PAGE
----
Tuesday, November 29, 2005
Welcome SmartySpark. Good entry shot. My personal rants, I hope, are backed up with some kind of action, but my reason for participating is a 'Man With 2 Brains' kind of thing. I am pointed in directions of thought that I might not have ventured towards. And, I know those other brains are pretty well-used so there is some depth to the suggestions, exhortations and threats. Plus, I am able to find some common ground with people (I just don't have to give them the satisfaction of telling them I found it).
Olive probably shares my political leanings most closely, while Renegade continually imparts bits of knowledge that send me scurrying to investigate further. CB, well CB is a damn library of conservative information. Names, dates, favorite colors. He is also the guy I have the least political overlap with -- but still have much respect for. While I will NEVER describe my nationalism as conservative, I do respect the notion and nation of America.
Sure, at this point in our history, idiots may drag a man to death because he's black, but there are no overt, government-sponsored hanging of boys simply because they are gay as there was in Iran. CB had an analogy about a restaurant where all the metaphoric nations of the world dine and and poor or enslaved patrons had horrible meals full of horrific gunk and the American Liberal complained because of an eyelash in his meal. Context is certainly important. And, I am a nationalist; not yet an enlightened citizen of the world. For instance, when I think of the death toll in Iraq, I first, (automatically and to my disgrace) think only of the U.S. soldiers who die.
So my carping about America is an eyelash in my soup, but it is an eyelash that can turn into something a lot nastier without diligent responses to bad behavior ala Bush and the gang. I remember a period in history when the U.S. government did overtly allow slaughter of its citizens -- its African American citizens. I am aware that the College of the Americas trains its students in torture. I am aware that Patrice Lumumbo and any number of foreign nationals were probably killed by our government. I ... hate that. I despise factions of a government that believe they have a right to kill human beings for no other reason than political expediency. I can't and won't support that.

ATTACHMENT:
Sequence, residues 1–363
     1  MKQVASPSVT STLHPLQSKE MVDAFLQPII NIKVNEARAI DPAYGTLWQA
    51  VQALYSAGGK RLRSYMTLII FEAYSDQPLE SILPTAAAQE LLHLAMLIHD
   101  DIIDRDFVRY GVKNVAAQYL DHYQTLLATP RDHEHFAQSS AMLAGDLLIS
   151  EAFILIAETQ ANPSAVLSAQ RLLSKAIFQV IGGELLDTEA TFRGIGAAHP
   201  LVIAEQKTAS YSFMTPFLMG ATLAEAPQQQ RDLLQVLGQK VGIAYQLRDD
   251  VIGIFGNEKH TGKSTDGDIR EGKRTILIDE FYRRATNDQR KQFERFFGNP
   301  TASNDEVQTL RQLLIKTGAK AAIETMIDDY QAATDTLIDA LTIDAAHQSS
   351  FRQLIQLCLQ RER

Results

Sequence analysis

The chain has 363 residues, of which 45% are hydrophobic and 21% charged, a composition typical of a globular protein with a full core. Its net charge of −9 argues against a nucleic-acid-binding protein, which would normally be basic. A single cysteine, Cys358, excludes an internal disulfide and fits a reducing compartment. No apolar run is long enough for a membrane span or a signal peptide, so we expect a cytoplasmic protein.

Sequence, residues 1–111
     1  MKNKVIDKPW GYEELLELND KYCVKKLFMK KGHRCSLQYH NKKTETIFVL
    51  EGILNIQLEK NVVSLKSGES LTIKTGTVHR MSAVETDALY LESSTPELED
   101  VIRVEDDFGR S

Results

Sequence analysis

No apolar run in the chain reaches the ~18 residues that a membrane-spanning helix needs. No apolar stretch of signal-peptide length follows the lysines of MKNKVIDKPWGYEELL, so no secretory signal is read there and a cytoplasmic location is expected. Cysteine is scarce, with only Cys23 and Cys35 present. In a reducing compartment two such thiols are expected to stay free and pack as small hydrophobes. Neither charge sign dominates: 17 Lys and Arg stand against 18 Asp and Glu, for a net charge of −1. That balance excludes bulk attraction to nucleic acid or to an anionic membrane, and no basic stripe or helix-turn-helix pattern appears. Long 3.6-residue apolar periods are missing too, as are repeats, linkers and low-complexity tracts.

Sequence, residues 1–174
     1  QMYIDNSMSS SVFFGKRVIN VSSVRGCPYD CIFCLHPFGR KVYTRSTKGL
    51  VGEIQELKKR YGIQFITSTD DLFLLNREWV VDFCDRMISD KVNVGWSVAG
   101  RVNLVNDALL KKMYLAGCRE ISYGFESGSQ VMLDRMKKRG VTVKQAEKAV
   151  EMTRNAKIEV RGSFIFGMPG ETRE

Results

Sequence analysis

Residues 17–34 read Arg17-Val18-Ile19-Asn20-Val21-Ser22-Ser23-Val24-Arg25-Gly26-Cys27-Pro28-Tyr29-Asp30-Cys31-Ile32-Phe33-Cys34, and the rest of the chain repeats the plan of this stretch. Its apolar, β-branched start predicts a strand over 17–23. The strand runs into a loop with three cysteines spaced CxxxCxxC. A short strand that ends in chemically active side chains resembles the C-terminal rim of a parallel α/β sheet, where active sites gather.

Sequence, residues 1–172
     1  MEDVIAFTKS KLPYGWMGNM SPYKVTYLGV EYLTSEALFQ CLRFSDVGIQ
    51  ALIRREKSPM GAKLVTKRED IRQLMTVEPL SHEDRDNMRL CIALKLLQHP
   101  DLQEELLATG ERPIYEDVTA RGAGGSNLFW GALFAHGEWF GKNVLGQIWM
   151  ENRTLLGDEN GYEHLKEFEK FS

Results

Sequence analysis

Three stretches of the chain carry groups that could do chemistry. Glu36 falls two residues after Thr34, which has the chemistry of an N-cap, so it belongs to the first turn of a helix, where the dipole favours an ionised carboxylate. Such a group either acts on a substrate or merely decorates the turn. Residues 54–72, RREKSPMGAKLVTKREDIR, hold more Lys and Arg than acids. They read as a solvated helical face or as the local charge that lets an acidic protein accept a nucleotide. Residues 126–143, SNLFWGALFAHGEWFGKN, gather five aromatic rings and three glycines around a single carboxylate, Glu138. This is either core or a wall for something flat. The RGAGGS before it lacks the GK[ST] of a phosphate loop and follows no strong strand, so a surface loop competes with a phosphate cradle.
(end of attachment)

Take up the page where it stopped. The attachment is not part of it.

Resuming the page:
Having said that, I've got to agree with Renegade that elements of the Arab world want to rid history of our existence. I believe we must resist that - vigorously.
Facts are that our U.S. leaders support one of the most totalitarian regimes in the world because we are beholden to the product they sell and the money they have invested in America. Hello Saudi Arabia. Hypocrisy. But, I know history has a long memory. When the oil runs out and all the oil super-barons have are gold bars and diamonds, there will be reprisals. But, those reprisals will mean just about as much to the descendants of those sheikhs as Muslims invoking the Crusades means to the average, 21st Century Christian.
I do know this: a lot of bad stuff is done in the name of religion and we are stockpiling that bad stuff in the Muslim and Judeo-Christian worlds.
CB holds a great deal of stock in well-reasoned arguments; he respects Mona Charen, Walt Williams; Shelby Steele and the like. But, well-reasoned arguments can mask a fundamental psychological principal: most of the time, we human beings fit our facts to our beliefs. Dr. William Shockley, Nobel Prize winning physicist and one of the inventors of the transistor could debate brilliantly. Yet, his pet project was arguing his belief that African Americans are mentally inferior to white people.